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What is systems thinking?


According to Smith (2022), systems thinking is a way of understanding and analyzing complex systems, such as organizations, ecosystems, and societies. The main methodologies for systems thinking include systems dynamics, which focuses on how feedback loops and stocks and flows can affect the behavior of a system over time, and soft systems methodology, which is a holistic approach that considers the human and social aspects of a system (Smith, 2022).

The origins of systems thinking can be traced back to the work of early philosophers and scientists, such as Aristotle and Galileo, who studied the relationships between different elements in natural and social systems. The development of systems thinking as a distinct field of study, however, is generally credited to the work of scientists and scholars in the mid-20th century, such as Ludwig von Bertalanffy, Kenneth Boulding, and Ilya Prigogine. These scholars developed theories and methodologies for understanding complex systems, such as thermodynamics, cybernetics, and systems dynamics, which laid the foundation for modern systems thinking.

The main components of a system are the elements that make up the system and the relationships between those elements. These components can include the inputs, outputs, processes, and feedback mechanisms that operate within the system. In systems thinking, the components of a system are typically represented using a stock and flow diagram, which shows the flow of resources and information within the system and how they affect the system's behavior over time.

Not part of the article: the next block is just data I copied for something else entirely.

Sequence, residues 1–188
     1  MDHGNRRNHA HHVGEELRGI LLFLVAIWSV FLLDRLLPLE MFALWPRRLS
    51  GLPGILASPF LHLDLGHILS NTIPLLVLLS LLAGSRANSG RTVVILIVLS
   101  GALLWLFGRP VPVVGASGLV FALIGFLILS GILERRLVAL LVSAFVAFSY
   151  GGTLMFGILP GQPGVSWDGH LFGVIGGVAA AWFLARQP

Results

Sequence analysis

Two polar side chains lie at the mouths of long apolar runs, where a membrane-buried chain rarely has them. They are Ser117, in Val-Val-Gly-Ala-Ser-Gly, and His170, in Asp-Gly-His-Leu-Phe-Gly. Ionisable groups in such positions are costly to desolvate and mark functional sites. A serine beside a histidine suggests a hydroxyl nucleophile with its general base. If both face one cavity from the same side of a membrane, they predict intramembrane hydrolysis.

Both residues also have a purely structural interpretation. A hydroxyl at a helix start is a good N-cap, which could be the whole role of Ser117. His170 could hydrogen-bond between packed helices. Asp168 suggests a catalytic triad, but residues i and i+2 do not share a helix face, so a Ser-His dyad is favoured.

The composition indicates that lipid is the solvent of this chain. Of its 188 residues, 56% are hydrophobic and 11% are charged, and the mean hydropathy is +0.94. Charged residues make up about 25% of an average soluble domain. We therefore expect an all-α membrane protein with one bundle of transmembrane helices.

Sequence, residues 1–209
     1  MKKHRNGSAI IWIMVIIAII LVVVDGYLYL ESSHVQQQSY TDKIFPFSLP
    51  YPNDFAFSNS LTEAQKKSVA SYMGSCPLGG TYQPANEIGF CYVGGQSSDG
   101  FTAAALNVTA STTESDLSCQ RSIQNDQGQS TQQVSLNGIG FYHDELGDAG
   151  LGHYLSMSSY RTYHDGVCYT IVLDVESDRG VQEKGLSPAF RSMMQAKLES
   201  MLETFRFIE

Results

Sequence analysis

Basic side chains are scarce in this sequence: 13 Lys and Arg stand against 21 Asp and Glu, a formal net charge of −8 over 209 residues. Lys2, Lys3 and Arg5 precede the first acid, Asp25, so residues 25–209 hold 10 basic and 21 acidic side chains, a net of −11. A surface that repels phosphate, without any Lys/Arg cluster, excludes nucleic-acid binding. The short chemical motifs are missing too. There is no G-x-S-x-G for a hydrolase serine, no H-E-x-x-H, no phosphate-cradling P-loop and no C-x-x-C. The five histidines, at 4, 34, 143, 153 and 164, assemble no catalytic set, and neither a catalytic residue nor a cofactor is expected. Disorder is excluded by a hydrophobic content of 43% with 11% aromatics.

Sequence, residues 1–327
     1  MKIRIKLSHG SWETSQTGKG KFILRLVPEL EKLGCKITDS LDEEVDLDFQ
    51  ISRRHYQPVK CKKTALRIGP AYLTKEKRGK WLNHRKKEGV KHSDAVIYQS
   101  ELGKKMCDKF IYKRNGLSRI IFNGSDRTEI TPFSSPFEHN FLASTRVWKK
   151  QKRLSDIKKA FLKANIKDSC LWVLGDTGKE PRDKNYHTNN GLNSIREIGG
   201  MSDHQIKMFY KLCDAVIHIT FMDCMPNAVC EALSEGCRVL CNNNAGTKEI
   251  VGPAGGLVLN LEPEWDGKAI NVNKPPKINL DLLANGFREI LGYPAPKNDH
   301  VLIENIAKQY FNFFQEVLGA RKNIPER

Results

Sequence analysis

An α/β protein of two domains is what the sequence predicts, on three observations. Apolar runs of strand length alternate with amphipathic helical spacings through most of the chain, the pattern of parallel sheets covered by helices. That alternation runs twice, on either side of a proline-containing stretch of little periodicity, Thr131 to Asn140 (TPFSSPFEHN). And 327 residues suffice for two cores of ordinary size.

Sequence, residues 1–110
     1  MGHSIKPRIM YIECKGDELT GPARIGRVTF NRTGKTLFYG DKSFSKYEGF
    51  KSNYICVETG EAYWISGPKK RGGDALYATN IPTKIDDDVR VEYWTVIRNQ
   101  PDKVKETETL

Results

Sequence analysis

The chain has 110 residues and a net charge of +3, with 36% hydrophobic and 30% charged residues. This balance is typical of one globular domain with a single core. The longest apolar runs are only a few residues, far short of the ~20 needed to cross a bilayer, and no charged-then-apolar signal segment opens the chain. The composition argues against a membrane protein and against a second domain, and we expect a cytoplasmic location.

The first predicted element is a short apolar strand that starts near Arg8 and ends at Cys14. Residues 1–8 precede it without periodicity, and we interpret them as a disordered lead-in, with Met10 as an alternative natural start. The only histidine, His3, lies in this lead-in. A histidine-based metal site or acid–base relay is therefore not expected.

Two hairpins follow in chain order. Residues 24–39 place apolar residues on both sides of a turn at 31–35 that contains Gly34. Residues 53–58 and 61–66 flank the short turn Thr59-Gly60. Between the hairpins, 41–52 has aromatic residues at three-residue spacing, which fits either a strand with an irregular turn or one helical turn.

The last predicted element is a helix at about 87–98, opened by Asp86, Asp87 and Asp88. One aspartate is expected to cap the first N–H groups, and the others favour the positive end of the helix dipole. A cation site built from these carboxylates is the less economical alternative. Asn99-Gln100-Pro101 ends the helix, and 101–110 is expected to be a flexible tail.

One of the major concepts regarding systems thinking is the concept of borders. Borders are relevant to systems thinking in several ways. First, borders can be seen as boundaries or barriers within a system that define the limits of the system and differentiate it from other systems. For example, the border between two countries defines the limits of each country's political and economic system, and affects the flow of goods, people, and information between the two countries. In this sense, borders can be seen as elements of a system that influence the behavior of the system by defining its boundaries and relationships with other systems.

Second, the concept of borders can also be relevant in systems thinking when considering the interactions and relationships between different parts of a system. In a complex system, such as an ecosystem or a social network, the borders between different sub-systems or components can be seen as points of connection or exchange, where the flow of resources or information can affect the behavior of the system as a whole. For example, the borders between different species in an ecosystem can be seen as points of interaction, where the flow of energy and nutrients can affect the behavior of the species and the ecosystem as a whole.

Overall, the concept of borders is relevant to systems thinking because it highlights the importance of boundaries and relationships within a system and how these elements can affect the behavior of the system over time.

The main methodologies for systems dynamics include the use of causal loop diagrams, which show the relationships between different variables in a system and how they influence each other, and stock and flow diagrams, which model the flows of resources and information within a system and the way that they affect the system's behavior over time. Other methodologies used in systems dynamics include computer simulations, mathematical modeling, and the use of feedback loops to understand the behavior of complex systems.

In my next posts we will explore the methodologies for implementing systems thinking in an attempt to make systems thinking the sharpest tool in the CEO's toolbox.

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